Society expects different attitudes and behaviors from boys and girls. Gender socialization is the tendency for boys and girls to be socialized differently. Boys are raised to conform to the male gender role, and girls are raised to conform to the female gender or role. A gender role is a set of behaviors, attitudes, and personality characteristics expected and encouraged of a person based on his or her sex. Every culture has different guidelines about what is appropriate for males and females, and family members may socialize the children in gendered ways without consciously striving to do this. Even parents who strive to achieve a less "gendered" parenting style unconsciously reinforce gender roles. Studies from Lauer & Lauer, 1994; Santrock, 1994; Kaplan, 1991 have shown that A child's earliest exposure to what it means to be male or female comes from parents. Gender is not something we are born with, and not something we have, but something we do (West and Zimmerman 1987) - something we perform (Butler 1990).
Parents can socialize their children into different gender roles with the way the parents manipulate the children by encouraging different types of activity; boys can be boisterous but girls should be sweet and this was studies and written down in Ann Oakely's Sex, Gender, and Society in 1972. According to Oakley, the parents carry out this manipulation by rewarding and punishing the children differently according to gender. Also the language would be different between the males and the females. The males can be spoken to more harshly and the females would be spoken to more softly. This study by Oakley shows how males and females can be socialized differently by their parents and this reinforces their gender roles. Girls have different terms of endearment from boys. Parents can use words like 'my brave soldier' to a boy while words like 'my little princess' are used in relation to girls. And they talk to them differently. Parents use more diminutives (kitty, doggie) when speaking to girls than to boys (Gleason et al. 1994), they use more inner state words (happy, sad) when speaking to girls (Ely et al. 1995), and they use more direct prohibitives (don't do that!) and more emphatic prohibitive (no! no! no!) to boys than to girls (Bellinger and Gleason 1982). Perhaps, one might suggest, the boys need more prohibitions because they tend to misbehave more than the girls. But Bellinger and Gleason found this pattern to be independent of the actual nature of the children's activity, suggesting that the adults and their beliefs about sex difference are far more important here than the children's behavior. Oakely also showed how parents socialized their children into gender roles as she suggested that the parents channeled the childrens' energies into different things like different games and toys even from birth.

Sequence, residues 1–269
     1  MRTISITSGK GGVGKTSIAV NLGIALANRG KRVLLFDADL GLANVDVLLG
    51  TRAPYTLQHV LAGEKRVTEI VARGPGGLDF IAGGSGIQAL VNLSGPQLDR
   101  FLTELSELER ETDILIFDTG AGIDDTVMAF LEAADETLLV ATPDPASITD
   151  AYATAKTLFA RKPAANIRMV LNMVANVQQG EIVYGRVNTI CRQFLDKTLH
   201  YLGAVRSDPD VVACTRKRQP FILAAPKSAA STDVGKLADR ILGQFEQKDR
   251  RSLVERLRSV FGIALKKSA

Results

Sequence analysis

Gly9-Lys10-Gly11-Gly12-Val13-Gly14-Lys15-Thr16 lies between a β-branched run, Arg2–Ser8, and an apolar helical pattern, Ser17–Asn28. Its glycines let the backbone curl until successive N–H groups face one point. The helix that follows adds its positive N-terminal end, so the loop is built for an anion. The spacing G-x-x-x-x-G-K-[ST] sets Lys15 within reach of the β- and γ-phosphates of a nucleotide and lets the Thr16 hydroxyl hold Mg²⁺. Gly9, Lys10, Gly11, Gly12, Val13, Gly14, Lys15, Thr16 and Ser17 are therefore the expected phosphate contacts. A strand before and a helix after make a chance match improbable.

Parents have different expectations for their children as early as after birth (Rubin,Provenzano&Luria 1974). Also studies have indicated that even from birth parents buy pink clothes for females and blue clothes for males and this has influenced the children to their gender roles at very early stages of their lives. Even from the hospital, the doctors wear pink caps for girls and blue for boys and the nurseries are designed either pink or blue depending on the gender. When the children get home they meet either blue or pink rooms. The parents therefore use this to socialize the children into gender roles. A study of children's rooms has shown that girls' rooms have more pink, dolls, and manipulative toys; boys' rooms have more blue, sports equipment, tools and vehicles (Pomerleau, Bolduc, Malcuit, & Cossette, 1990). Boys are more likely than girls to have maintenance chores around the house, such as painting and mowing the lawn, while girls are likely to have domestic chores such as cooking and doing the laundry (Basow, 1992). This assignment of household tasks by gender leads children to link certain types of work with gender. Also a child imitating their parents at home has helped with the socialization process. Girls are likely to want to do more housework because they have seen their mothers doing it and boys are likely to want to do more heavy work.
All these processes help in the socialization by parents of children to their gender roles. Parental attitudes towards their children have a strong impact on the child's developing sense of self and self-esteem, with parental warmth and support being key factors for the child (Richards, Gitelson, Petersen, & Hartig, 1991). Often, parents give subtle messages regarding gender and what is acceptable for each gender - messages that are internalized by the developing child (Arliss, 1991). Sex role stereotypes are well established in early childhood. Messages about what is appropriate based on gender are so strong that even when children are exposed to different attitudes and experiences, they will revert to stereotyped choices (Haslett, Geis, & Carter, 1992).